DAUGHTER OF SPARTA by Claire M. Andrews
Little, Brown and Co., 2021
I had the best time reading this book. I have obviously read quite a few Greek mythology retellings in my day, but still, I was a little worried that this wasn’t going to work for me just because YA is usually not my thing and I tend to prefer my retellings on the more literary side. But it turns out this was a totally different beast from commercial adult retellings like Circe — and it turns out I enjoyed what Claire M. Andrews was doing much better.
Daughter of Sparta is a zippy, action-packed reimagining of the story of Daphne and Apollo. Throw what you know about the original out the window because it bears very little relevance to Andrews’s narrative — though kernels of other related myths are very self-consciously strewn throughout the novel — instead, Andrews confidently takes the reins and pulls the story in a completely different direction. Her Daphne isn’t a helpless maiden at the mercy of Apollo’s whims; she’s the agent of her own story, and also the only one who can save Greece from impending ruin.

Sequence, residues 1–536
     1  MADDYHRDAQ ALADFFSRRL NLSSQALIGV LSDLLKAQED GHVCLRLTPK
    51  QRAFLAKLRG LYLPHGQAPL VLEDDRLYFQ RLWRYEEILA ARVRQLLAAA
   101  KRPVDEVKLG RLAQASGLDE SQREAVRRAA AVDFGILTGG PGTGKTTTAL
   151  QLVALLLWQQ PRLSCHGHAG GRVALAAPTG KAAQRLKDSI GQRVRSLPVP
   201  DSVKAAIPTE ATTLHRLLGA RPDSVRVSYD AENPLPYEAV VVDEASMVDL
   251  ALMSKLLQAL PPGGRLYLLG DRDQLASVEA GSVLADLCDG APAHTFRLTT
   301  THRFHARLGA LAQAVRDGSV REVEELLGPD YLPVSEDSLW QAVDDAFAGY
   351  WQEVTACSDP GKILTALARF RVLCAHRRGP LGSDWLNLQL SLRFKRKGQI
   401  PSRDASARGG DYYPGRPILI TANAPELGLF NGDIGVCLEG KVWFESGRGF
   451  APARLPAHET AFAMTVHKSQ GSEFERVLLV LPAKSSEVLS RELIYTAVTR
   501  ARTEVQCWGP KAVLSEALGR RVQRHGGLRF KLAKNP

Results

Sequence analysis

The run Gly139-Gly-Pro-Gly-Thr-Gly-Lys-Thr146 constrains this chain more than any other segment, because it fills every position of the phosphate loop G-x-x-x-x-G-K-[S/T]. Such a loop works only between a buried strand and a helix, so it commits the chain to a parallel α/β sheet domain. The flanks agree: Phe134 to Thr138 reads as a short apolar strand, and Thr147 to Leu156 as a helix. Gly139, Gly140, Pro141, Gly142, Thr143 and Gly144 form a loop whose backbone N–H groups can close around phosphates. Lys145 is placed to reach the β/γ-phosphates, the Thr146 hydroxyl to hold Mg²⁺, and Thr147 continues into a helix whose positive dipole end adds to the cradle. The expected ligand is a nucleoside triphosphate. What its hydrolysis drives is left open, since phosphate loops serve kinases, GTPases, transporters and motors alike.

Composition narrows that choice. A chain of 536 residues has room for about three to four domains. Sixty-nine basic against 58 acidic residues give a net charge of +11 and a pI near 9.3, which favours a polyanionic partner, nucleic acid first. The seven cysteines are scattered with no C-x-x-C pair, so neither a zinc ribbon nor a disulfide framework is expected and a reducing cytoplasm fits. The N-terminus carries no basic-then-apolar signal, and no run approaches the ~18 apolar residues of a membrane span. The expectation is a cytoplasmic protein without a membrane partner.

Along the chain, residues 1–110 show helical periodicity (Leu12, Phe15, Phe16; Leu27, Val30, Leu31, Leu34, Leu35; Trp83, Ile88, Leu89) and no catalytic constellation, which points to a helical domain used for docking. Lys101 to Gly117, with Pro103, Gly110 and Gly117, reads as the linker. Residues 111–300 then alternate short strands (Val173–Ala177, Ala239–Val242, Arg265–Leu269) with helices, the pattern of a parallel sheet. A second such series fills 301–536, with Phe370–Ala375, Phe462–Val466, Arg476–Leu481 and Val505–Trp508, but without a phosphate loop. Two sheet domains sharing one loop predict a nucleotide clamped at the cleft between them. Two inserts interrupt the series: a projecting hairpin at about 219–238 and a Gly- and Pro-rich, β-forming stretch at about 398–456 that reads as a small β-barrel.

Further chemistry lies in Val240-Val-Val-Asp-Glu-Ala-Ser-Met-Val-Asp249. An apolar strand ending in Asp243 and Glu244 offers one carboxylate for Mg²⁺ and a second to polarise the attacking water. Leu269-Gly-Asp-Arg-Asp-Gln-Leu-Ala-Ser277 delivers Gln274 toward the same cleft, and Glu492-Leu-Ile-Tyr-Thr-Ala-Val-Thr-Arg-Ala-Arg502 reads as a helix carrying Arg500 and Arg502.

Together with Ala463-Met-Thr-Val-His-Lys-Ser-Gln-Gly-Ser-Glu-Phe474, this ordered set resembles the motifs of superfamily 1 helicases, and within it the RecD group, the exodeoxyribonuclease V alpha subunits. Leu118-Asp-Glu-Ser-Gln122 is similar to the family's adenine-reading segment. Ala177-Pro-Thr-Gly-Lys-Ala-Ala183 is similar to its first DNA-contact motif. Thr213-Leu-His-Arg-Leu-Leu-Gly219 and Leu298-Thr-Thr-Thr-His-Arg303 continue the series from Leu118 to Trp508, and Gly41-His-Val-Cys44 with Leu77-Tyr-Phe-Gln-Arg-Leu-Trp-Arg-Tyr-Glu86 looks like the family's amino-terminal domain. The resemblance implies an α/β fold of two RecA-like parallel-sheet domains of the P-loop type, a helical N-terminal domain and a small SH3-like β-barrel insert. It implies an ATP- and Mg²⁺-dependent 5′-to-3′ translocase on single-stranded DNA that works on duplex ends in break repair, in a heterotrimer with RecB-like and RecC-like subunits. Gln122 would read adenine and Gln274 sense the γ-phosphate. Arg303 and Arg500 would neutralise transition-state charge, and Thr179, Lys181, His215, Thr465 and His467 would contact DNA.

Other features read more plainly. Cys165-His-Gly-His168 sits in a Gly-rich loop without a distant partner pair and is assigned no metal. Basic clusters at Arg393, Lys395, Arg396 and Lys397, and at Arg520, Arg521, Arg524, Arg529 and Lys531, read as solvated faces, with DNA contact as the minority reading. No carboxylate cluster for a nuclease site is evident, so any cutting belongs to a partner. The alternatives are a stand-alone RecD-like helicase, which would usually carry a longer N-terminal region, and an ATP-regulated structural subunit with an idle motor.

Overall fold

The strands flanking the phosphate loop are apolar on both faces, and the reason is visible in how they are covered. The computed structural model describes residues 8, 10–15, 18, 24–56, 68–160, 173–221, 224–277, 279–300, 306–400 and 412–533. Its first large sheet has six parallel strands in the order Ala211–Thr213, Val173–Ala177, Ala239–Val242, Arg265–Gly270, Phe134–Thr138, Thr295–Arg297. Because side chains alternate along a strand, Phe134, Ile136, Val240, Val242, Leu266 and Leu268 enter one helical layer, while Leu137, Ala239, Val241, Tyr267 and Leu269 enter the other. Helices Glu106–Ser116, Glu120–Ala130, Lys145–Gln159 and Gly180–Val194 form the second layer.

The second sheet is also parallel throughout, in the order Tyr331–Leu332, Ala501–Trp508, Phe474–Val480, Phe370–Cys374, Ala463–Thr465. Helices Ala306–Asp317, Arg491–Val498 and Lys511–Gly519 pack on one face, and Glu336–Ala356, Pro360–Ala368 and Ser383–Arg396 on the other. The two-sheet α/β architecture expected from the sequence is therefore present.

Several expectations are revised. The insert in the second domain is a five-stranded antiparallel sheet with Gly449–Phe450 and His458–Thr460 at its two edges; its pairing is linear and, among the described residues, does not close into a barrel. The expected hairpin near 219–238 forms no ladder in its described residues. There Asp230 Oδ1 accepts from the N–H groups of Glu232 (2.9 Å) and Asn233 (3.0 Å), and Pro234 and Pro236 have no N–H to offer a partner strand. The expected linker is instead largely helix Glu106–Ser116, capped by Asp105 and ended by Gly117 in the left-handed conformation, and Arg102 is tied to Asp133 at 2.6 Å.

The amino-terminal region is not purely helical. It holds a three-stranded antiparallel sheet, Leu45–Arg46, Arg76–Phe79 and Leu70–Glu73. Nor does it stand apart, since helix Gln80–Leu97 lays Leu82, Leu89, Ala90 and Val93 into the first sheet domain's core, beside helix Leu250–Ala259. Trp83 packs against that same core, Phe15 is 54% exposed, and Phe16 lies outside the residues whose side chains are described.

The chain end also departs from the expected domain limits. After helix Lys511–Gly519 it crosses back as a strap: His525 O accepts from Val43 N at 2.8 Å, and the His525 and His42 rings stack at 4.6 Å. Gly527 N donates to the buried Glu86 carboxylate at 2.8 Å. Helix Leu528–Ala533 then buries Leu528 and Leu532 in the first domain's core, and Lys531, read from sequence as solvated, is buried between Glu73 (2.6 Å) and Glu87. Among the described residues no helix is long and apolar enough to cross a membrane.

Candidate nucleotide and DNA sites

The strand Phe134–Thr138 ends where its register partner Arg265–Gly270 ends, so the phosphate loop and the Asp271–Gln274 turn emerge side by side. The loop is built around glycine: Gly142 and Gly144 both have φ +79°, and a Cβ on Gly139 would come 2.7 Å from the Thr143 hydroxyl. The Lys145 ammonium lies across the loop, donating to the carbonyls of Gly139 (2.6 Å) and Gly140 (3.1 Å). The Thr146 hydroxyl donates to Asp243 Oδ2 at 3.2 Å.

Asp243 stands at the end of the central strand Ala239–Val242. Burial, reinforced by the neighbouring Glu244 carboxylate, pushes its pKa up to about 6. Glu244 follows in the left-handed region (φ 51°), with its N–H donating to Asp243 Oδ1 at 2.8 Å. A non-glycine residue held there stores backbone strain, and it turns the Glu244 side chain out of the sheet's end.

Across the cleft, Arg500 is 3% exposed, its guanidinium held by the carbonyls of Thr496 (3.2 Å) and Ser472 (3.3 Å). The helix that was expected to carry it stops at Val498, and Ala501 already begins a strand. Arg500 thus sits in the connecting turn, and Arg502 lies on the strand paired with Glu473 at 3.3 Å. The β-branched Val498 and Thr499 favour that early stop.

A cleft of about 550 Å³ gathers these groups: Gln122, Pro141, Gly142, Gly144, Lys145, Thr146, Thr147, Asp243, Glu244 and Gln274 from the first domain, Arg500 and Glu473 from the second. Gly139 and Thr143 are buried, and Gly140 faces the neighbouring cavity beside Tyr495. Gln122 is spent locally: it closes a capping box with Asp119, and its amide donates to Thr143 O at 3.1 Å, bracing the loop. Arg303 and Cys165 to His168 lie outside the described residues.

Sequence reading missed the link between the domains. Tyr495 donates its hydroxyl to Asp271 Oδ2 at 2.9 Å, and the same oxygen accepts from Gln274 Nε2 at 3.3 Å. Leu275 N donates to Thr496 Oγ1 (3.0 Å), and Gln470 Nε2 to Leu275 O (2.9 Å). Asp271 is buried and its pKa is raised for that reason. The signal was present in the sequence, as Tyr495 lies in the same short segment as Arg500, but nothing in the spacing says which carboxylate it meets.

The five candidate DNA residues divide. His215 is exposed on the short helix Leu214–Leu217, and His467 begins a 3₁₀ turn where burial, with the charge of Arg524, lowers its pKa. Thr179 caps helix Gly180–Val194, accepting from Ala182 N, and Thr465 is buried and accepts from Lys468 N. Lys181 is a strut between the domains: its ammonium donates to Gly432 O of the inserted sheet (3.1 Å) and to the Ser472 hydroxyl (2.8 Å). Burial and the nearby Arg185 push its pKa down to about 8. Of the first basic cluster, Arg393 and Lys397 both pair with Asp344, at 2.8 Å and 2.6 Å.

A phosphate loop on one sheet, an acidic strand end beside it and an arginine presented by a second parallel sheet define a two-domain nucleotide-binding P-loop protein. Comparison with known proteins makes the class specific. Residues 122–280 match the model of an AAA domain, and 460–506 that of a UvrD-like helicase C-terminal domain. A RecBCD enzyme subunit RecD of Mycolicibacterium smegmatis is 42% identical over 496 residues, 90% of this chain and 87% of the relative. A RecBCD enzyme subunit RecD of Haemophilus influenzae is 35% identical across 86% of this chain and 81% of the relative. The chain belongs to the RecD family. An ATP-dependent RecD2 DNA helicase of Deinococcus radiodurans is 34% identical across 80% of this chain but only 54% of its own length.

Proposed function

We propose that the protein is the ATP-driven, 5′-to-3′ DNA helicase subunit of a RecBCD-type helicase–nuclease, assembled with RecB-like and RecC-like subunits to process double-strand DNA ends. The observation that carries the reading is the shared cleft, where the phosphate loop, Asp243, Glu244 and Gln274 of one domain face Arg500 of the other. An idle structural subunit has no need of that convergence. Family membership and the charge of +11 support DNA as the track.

This feels very much like a road trip narrative — not literally, of course, as it’s set in Ancient Greece — but it’s that kind of story, nevertheless: two people (or one person and one god, in this case) traveling and facing hurdles together, their own dynamic shifting as the pages turn. What I loved about this was that it felt nothing like all the other million adaptations I’ve read, while still taking place in the original setting (nothing against modern adaptations, which I also quite like; I was just losing faith that true innovation was even possible without moving the setting). This book is just feels very off the beaten path, which is only a compliment in such a saturated subgenre.
All said, Daughter of Sparta is a tremendously fun, self-assured, pacy debut — definitely skewed toward younger readers (as most young adult novels tend to be), which I just want to stress as my blog and Goodreads audience does skew older, and I don’t want to mislead — but if that sounds good to you, this is a fantastically fun romp. I’m highly anticipating the sequel.
NB. Claire M. Andrews is a friend of mine. Thank you Claire for the advanced copy!